Poll: Republicans’ confidence in Russia’s Putin on the rise – POLITICO

Russian President Vladimir Putin is pictured.
The poll found that the share of Republicans expressing confidence in Russian President Vladimir Putin doubled to 34 percent from 17 percent in 2015. | Alexei Druzhinin, Sputnik/Kremlin Pool Photo via AP

Russian President Vladimir Putin is enjoying rising popularity among Republicans according to a new poll from the Pew Research Center.

The poll found that the share of Republicans expressing confidence in Putin doubled to 34 percent from 17 percent in 2015, when Donald Trump launched a campaign for the White House that was seen as friendly toward Moscow.

Though most Americans view Russia negatively, Moscow’s overall popularity in the United States has risen since 2014, when it plummeted after the country annexed Crimea. Twenty-nine percent of Americans now have a favorable view, compared with 19 percent in 2014, the poll found.

But the partisan gap is stark, as congressional committees and federal investigators scrutinize Russia’s meddling in the 2016 election, including hacks of Democratic operatives’ email accounts. The investigations are eyeing any ties between Russia and Trump’s campaign, though the president calls the probe a “hoax.”

Just 13 percent of Democrats have confidence in Putin, the poll found. And while 61 percent of Democrats consider Russia a major national security risk, only 36 percent of Republicans do, the poll of 1,505 adults conducted from Feb. 16 to March 15 found. The poll had a margin of error of 3 percentage points.

The partisan gap is a recent development, said Margaret Vice, a senior researcher at Pew and the lead author on the report.

“We’ve seen quite a shift on the side of Republicans, with Republicans now being much more favorable toward Russia,” Vice said, adding that the shift was “quite significant.”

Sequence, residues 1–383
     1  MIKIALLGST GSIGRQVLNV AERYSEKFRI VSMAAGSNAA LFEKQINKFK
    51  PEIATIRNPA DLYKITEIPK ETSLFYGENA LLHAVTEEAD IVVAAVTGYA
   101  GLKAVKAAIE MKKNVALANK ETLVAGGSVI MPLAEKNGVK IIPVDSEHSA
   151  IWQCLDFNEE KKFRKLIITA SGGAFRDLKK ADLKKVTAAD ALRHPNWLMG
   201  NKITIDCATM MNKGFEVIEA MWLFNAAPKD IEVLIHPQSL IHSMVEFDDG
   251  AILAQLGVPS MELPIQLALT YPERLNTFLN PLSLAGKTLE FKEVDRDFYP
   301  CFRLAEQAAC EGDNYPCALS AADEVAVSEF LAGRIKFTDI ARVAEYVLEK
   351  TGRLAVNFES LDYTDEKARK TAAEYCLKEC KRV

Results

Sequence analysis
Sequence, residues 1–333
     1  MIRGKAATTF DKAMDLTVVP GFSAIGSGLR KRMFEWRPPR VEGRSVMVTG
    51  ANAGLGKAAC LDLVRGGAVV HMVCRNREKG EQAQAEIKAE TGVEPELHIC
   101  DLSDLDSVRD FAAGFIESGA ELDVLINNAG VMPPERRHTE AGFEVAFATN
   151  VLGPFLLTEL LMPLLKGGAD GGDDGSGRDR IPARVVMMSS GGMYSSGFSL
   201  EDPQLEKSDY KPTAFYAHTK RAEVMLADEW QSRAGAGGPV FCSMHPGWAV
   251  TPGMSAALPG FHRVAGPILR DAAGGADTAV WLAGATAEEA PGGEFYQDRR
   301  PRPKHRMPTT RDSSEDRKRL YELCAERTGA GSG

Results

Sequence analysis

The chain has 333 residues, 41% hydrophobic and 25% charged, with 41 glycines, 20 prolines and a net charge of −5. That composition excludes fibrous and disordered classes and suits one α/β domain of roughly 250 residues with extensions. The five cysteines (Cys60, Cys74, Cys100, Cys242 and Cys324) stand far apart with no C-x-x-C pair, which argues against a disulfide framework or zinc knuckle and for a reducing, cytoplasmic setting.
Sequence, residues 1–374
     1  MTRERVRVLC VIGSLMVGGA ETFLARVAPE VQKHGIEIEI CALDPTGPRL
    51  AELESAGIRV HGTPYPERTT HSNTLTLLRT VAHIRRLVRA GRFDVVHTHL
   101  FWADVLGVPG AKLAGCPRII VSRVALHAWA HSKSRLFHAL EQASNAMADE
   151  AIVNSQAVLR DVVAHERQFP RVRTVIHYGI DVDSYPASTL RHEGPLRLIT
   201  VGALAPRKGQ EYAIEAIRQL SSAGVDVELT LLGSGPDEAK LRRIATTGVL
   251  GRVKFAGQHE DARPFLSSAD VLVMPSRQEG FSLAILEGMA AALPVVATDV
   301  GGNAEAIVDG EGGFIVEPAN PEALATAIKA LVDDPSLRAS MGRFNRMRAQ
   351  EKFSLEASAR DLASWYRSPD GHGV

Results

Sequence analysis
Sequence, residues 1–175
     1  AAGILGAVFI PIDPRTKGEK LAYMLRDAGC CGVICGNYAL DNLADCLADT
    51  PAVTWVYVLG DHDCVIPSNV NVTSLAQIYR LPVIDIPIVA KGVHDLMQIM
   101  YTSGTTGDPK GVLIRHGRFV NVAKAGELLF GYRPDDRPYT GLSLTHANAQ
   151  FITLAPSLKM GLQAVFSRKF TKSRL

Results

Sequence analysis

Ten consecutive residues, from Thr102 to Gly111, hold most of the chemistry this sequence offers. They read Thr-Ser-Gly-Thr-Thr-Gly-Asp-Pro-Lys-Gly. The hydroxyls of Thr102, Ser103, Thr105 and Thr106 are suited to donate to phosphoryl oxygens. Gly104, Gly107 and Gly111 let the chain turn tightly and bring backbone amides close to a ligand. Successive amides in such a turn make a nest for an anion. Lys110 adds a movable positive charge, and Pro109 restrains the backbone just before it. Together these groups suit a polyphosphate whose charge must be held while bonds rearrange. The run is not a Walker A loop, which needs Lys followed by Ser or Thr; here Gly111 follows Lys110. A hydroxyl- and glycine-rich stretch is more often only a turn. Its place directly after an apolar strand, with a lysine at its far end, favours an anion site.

The ideological split exists in other countries as well, she said, with those on the right in Italy, Greece and Australia also holding warmer views toward Putin.

“Those who place themselves on the right of the spectrum are much more likely to be confident in Putin as a leader,” she said.

But Vice said the American right’s recent warmth toward Putin still stood out.

“In most of the 13 countries in which ideology was asked in 2015 and 2017, the ideological split in views toward Russia and Putin have not changed significantly, outside of the U.S.,” Vice said.

Still, Americans have an overwhelmingly negative view of the country, with just 14 percent saying Russia respects the personal freedoms of its people.

Russia’s popularity in the United States used to be substantially higher — nearly half of Americans had a favorable view in 2010 — but tumbled after the annexation of Crimea in 2014. Russian government forces continue to assist Ukrainian separatists. Putin’s government also has sided with Syrian President Bashar Assad in the civil war there, and it has tried, mostly through influence campaigns, to destabilize democracies from Europe to the United States.

Trump frequently praised Putin during the campaign, and the two spoke at length during a recent G-20 meeting in Hamburg. Improved relations with Russia were a centerpiece of Trump’s foreign policy platform, but the revelations of election interference have all but eliminated the possibility of any rekindled friendship in the near future.

Trump recently begrudgingly signed new sanctions on the Russian regime after they were passed by veto-proof majorities in Congress.


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